The Truth About Dog Tail Docking
The Truth About Tail Docking Dogs
When I first started working at an animal hospital, I was given a booklet with all the prices and services our animal hospital offered. As I read through the extensive list, I noticed the term "tail docking." Being relatively new to the practice, I enquired with my training supervisor about what that terminology depicted. She replied: "It's a tail amputation, done in certain breeds for aesthetic reasons."
I already knew that breeds such as Rottweilers, Boxers, or Dobermans were tailless to adhere to their breed standards, but what really shocked me as I read about this procedure was the fact that this procedure was done when the pups were really small, and worse of all, without anesthesia!
As I did further research, I learned that the tail docking procedure was done when a puppy was just days old (generally between 3-5 days old). The amputation process necessitated pretty simple equipment such as scissors, a knife or a rubber band. It appeared that there was the belief (or perhaps let's consider it a myth) that the procedure was painless, but as I read on there was also strong evidence regrettably suggesting the total opposite. You can read more about pain in puppies being docked here: Studies Reveal Tail Docking in Puppies is Painful
A puppy has a nervous system just like many living creatures and is able to properly perceive pain. While a puppy may not necessarily squeal or vocalize from pain during a tail dock (even though most do), there are other ''tell tail signs" known as biological markers that can suggest pain and even lots of it. Ignoring these signs is unacceptable in today's modern society, featuring advanced empathetic veterinary care, especially when carried out for cosmetic purposes.
One must consider as well that tail docking also comes with a good array of considerable complications. Infections may follow or even worse extensive bleeding and death. If we think that risks from such complications could arise for the sole purpose of pleasing a client, it is understandable why more and more vets are refusing the procedure, while on the other hand, more and more breeders are taking over the task using rubber bands and knives in an un-sterile environment.
If we look at the history of tail docking and ear cropping (another inhumane and unnecessary procedure), we will notice that both procedures took place in the past as means of protection in working dog breeds. In other words, tails or ear portions were removed because they often were injured and even torn while hunting or working in the field. In fighting dogs, these body parts were snipped off to prevent the opponent dog from using them as "grips." These protective measures could have been valid centuries ago, but nowadays, with the majority of dogs kept as pets, these practices are totally out of place.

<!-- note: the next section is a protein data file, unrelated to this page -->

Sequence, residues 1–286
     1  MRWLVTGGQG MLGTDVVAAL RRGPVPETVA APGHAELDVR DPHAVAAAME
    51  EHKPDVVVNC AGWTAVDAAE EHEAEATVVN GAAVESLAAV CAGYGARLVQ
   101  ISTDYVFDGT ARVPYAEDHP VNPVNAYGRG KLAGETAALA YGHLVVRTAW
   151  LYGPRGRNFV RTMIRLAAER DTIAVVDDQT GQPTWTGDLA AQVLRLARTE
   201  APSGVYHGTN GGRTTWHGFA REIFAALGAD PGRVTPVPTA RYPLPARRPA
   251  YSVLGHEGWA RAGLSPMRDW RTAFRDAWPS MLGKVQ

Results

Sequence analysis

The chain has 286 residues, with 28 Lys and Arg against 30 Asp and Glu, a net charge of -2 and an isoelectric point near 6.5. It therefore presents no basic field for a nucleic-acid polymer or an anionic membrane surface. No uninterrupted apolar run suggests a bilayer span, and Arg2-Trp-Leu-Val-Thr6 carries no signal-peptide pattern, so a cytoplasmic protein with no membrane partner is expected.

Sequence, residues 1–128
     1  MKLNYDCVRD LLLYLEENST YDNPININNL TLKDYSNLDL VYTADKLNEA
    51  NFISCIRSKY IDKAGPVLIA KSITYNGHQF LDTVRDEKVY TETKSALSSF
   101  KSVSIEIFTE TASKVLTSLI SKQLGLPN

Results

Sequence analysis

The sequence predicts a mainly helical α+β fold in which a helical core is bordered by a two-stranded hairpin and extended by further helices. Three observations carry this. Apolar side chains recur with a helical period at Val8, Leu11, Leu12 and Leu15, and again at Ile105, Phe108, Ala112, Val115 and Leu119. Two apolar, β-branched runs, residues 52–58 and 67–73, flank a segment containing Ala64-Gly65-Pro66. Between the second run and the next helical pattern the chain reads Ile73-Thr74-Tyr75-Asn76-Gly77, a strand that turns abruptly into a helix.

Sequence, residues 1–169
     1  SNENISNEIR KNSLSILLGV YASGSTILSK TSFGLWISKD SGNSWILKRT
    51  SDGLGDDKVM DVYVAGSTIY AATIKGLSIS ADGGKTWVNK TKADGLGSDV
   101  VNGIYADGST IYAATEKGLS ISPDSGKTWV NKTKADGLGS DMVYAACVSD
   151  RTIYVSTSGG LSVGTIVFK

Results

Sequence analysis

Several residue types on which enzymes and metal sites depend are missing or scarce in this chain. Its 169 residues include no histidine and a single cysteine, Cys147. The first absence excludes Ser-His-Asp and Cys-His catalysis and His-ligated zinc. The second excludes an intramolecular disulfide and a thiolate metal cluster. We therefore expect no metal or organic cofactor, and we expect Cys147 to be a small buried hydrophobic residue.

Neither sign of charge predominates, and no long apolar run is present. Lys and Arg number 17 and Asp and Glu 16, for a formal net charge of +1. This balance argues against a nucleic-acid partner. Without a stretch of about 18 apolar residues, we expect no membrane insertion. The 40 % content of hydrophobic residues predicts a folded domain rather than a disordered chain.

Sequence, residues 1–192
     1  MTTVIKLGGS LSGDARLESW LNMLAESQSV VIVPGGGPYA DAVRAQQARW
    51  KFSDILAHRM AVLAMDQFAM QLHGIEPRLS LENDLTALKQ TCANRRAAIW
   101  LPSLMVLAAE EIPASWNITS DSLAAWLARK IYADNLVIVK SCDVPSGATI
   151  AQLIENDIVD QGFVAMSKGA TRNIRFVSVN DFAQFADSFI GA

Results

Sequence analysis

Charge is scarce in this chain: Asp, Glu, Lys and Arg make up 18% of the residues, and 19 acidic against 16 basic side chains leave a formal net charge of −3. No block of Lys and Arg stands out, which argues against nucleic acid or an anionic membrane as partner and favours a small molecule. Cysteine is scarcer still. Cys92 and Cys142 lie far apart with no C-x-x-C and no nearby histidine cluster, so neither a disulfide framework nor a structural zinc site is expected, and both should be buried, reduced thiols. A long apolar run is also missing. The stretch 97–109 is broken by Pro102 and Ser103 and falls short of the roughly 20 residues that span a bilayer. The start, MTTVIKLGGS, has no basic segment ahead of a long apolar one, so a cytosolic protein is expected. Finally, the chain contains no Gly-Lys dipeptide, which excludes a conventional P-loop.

Many tail docking advocates will strongly defend their view by justifying the procedure as necessary and even beneficial for some dogs. They will state that a lack of tail will mean fewer injuries and inconveniences. These statements may sound valid but are often unfounded. If we would take off tails, limbs, or anything else, of course there are likely to be less injuries because they are not existing anymore! Also, there's a lot of controversy on some breeds; for instance, the German Pointer standard wants the breed docked and breeders claim it's to prevent tail injury, but then the English Pointer which performs similar tasks is not. The short-haired Weimaraner is docked by standard, and then the long-haired ones are left intact.
Tails are very important for dogs. If a dog has a tail it means that it has a function. A very important function is communication. We all know well how dogs wag their tails when they are showing happiness. Dogs use their tails to communicate with other dogs. Dogs without tails may encounter problems in communicating fear, play or aggression when around other dogs. This could cause serious miscommunications and eventually fights. Undocked dogs may approach dogs without tails with caution as they cannot interpret their mood effectively. Docked dogs, on the other hand, may not communicate aggression properly and may upgrade to a bite if the other dogs does not back off when needed.
Another drawback in dock tailed dogs is the fact that they lack the important balancing function of the tail. Tails also play an important role in swimming.
Luckily, more and more veterinarians are refusing this practice and so are some countries that have started to ban it. Norway, Sweden, and Switzerland are some of these countries, hopefully, many others will shortly follow. So far the most common practitioners of tail docking seem to derive from the breeders.
Tail docking should be only justified if backed up by medical reasons. Having a puppy undergo a tail docking procedure for just cosmetic reasons is unacceptable. The AVMA opposes tail docking for cosmetic reasons.
Dogs were made with tails and dogs should have tails. We are not to decide what is unnecessary in a living animal. Should a tail become unnecessary nature will take over just as we humans lost our tails throughout our evolution. In dogs, however, tails remain long and lively, with no sign of atrophy, suggesting that tails are here to stay once and for all.
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© 2008 Adrienne Janet Farricelli